The Article closes by discussing the study's findings and by offering some insights into how plaintiffs and defendants have fared under section 230. While section 230 has largely protected intermediaries from liability for third-party speech, it has not been the free pass many of its proponents claim and its critics lament. More than a third of the claims at issue in the cases survived a section 230 defense. Even in cases where the court dismissed the claims, intermediaries bore liability in the form of litigation costs, and it took courts, on average, nearly a year to issue decisions addressing an intermediary's defense under section 230.

From February 8, 1996 (the effective date of section 230) through the conclusion of my study on September 30, 2009, state and federal courts produced a total of 184 decisions from 140 cases in which a party or the court interposed section 230 as a defense to liability for online content or acts.  This is an average of 13.5 decisions per year during the thirteen-year period, with an average of 8.1 decisions each year (59.8%) holding that section 230 preempted at least one claim in the cases studied.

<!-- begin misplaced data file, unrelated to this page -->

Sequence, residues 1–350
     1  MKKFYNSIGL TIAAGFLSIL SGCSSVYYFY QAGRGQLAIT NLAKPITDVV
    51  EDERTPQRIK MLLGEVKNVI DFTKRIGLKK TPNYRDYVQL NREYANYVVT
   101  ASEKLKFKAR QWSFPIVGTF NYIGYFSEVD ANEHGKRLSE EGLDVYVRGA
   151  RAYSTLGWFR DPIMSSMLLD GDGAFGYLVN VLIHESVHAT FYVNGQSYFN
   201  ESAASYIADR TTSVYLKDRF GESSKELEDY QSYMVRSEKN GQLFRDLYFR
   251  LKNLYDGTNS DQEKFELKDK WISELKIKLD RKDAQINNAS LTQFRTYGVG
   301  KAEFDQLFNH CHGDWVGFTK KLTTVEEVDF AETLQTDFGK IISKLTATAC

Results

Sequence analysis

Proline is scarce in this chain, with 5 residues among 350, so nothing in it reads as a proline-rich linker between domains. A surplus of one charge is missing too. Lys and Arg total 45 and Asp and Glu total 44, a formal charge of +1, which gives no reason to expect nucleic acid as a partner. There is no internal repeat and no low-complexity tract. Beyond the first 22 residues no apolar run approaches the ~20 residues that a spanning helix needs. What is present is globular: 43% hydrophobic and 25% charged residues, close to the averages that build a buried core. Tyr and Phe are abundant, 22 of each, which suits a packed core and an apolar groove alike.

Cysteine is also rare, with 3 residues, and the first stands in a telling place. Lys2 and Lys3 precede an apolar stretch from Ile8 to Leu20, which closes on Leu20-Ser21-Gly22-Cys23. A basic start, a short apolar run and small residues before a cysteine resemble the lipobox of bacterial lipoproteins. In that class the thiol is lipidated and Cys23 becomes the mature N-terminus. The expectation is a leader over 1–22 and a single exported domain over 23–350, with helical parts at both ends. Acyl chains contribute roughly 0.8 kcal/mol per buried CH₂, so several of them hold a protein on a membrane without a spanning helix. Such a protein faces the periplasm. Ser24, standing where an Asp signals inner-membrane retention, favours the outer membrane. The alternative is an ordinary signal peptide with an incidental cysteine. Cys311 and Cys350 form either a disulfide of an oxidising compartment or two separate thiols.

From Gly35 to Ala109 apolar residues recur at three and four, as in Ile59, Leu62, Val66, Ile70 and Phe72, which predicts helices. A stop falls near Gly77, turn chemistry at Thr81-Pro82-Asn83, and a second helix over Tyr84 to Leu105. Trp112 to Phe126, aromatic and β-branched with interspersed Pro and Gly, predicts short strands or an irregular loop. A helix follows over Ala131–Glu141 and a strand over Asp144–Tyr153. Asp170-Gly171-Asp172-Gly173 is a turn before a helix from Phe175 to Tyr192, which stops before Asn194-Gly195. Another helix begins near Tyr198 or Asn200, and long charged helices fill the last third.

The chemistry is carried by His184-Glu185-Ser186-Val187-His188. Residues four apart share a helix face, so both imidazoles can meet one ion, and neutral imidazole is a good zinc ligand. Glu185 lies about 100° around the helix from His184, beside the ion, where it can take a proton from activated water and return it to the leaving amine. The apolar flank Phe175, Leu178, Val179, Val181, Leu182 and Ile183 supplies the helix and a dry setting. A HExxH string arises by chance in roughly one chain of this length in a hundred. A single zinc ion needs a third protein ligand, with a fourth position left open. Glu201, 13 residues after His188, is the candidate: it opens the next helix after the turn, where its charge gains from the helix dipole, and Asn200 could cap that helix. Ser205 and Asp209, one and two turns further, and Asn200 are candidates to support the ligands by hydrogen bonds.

Distribution of Federal and State Court Decisions by Year

When I say that in 59.8% of the decisions a court dismissed at least one of the claims pursuant to section 230, this does not mean that in 40.2% of the decisions the court found for the plaintiff.  The 59.8% figure only reflects decisions where the court dismissed a claim on the basis of section 230.  If the court dismissed a claim on statute of limitations grounds or on the merits, I didn't count it as a section 230 win (I explain this approach in some detail in sections III and IV of the paper).  When dismissals on grounds other than section 230 are included in the calculations, the results for defendants improve substantially, with defendants winning dismissal in 76% of the cases studied.